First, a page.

For the first time in Gallup polling history, more Americans identify themselves as “pro-life” than “pro-choice.”

The poll, based on a survey of 1,015 U.S. adults, indicated that 51 percent of Americans identify themselves as pro-life compared to 42 percent identifying as pro-choice. This is a dramatic change from 1995, the first year the question was asked, in which 56 percent identified as pro-choice compared to only 33 percent identifying as pro-life.

The results even mark a shift from 2008, when 50 percent of respondents identified as pro-choice, compared to 44 percent identifying as pro-life. Until this year’s poll, the highest tide of pro-life numbers was when the two camps were split evenly, with 46 percent apiece (in 2001).

Gallup also reported that extremists views at the two ends of the abortion rights spectrum have roughly equal numbers. Those who believe abortion should be legal under any circumstances stand at 22 percent, while those who believe abortion should be illegal in all circumstances stand at 23 percent of respondents.

Other points of interest:

  • From a political standpoint, the majority of the pro-life shift has come from Republicans. The proportion of pro-life Republicans is up 10 percent, to a total of 70 percent, from its previous high of 60 percent over the last two years. On the other hand, the proportion of pro-choice Democrats has remained nearly constant (hovering around 60 percent) for the past decade.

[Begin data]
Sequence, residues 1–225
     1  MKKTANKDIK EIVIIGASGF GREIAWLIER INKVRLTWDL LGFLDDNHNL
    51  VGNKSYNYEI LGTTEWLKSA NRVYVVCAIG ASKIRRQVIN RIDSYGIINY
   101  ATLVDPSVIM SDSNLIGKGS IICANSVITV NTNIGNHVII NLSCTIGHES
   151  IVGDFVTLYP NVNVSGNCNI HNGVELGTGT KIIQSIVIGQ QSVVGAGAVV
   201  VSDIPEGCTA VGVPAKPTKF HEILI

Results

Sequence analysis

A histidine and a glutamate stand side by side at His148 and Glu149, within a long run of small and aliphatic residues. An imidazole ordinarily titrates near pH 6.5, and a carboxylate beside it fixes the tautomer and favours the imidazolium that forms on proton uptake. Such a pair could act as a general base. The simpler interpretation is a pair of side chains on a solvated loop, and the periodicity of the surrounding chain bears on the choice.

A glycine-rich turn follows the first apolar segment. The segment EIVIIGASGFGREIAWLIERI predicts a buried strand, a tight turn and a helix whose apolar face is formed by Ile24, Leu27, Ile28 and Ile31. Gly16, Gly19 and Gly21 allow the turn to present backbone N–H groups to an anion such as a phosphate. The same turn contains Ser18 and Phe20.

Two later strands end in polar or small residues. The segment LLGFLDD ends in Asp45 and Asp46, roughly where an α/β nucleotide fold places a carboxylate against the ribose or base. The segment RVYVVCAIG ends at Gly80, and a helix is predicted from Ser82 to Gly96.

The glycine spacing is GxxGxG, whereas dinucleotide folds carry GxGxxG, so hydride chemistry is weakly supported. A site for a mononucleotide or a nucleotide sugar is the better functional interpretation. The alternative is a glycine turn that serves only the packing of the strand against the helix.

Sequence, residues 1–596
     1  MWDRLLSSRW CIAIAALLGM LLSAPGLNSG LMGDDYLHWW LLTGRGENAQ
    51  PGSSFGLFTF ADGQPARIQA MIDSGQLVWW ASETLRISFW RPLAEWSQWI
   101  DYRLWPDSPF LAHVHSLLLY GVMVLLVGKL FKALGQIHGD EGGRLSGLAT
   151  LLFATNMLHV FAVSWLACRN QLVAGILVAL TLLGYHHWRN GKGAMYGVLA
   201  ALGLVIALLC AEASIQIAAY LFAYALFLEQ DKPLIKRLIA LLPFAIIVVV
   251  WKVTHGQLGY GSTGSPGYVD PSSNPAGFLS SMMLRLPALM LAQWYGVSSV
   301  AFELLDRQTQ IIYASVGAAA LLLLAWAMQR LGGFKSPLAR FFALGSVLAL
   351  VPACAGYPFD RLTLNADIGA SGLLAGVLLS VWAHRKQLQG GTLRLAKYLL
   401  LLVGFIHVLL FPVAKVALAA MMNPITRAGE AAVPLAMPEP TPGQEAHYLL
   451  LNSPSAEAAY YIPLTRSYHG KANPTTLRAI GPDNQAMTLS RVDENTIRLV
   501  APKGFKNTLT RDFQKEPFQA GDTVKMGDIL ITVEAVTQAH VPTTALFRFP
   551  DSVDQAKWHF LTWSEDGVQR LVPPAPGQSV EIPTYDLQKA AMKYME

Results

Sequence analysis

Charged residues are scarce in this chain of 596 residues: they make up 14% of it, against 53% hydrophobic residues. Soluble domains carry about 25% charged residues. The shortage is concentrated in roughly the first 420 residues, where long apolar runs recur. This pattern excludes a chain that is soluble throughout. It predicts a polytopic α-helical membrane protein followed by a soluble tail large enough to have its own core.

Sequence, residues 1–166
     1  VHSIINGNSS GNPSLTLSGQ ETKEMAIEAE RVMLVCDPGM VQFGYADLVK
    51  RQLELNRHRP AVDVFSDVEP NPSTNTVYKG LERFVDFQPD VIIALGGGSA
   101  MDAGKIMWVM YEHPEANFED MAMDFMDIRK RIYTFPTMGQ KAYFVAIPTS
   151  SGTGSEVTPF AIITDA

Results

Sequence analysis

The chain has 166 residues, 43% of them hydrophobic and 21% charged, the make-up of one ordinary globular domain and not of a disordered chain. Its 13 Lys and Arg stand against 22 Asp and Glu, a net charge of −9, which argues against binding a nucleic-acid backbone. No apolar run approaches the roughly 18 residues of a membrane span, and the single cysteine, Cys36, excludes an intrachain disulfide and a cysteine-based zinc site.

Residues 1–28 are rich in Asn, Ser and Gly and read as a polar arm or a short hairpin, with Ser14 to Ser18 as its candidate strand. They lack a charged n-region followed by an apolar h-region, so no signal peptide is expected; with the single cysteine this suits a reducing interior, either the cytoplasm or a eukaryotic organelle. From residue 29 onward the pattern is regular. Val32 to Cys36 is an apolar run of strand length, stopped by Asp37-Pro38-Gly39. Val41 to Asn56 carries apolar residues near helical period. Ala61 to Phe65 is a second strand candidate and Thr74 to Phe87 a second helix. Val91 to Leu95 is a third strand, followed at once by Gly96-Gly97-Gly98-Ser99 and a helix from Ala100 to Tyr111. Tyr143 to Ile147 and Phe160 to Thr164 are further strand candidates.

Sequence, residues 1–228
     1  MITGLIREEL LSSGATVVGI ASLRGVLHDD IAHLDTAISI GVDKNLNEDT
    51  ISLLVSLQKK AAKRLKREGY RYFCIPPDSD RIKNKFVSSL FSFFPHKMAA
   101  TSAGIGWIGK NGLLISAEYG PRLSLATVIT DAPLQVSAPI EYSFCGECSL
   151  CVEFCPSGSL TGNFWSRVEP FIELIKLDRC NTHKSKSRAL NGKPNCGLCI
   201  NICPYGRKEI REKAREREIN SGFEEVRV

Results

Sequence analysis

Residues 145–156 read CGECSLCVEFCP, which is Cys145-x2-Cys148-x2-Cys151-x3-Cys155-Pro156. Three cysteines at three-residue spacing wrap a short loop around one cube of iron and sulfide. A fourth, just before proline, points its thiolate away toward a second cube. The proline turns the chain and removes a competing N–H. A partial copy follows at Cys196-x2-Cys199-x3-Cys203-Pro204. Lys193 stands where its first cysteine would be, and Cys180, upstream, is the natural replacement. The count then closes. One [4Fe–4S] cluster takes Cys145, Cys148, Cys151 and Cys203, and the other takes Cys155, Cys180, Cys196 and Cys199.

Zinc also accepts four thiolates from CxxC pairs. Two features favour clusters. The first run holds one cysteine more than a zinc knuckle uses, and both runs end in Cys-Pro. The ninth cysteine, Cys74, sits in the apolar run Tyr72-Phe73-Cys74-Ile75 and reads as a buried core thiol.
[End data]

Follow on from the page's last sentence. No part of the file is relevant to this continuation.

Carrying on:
• From a religious perspective, the pro-life identification of those grouped as “Protestant/Other Christian,” “Roman Catholic,” and “Other/None” has increased across the board.
  • For the first time in nine years, men and women are both more pro-life than pro-choice as groups.

Interestingly, the pollsters conclude that the hard-line pro-choice stance of U.S. President Barack Obama, who has given no indication of compromise on the controversial issue, may be to blame for the increase in pro-life identification in the past year. Gallup’s Lydia Saad writes:

With the first pro-choice president in eight years already making changes to the nation’s policies on funding abortion overseas, expressing his support for the Freedom of Choice Act, and moving toward rescinding federal job protections for medical workers who refuse to participate in abortion procedures, Americans—and, in particular, Republicans—seem to be taking a step back from the pro-choice position. However, the retreat is evident among political moderates as well as conservatives.

It is possible that, through his abortion policies, Obama has pushed the public’s understanding of what it means to be “pro-choice” slightly to the left, politically. While Democrats may support that, as they generally support everything Obama is doing as president, it may be driving others in the opposite direction.

While the poll results are somewhat encouraging, it’s important to remember that opinions on the issue sway significantly from year to year based largely on variations among political moderates. Also, the poll clearly shows that abortion remains a controversial topic, with nearly a quarter of respondents still holding to the unconscionable view that abortion should be legal in all circumstances.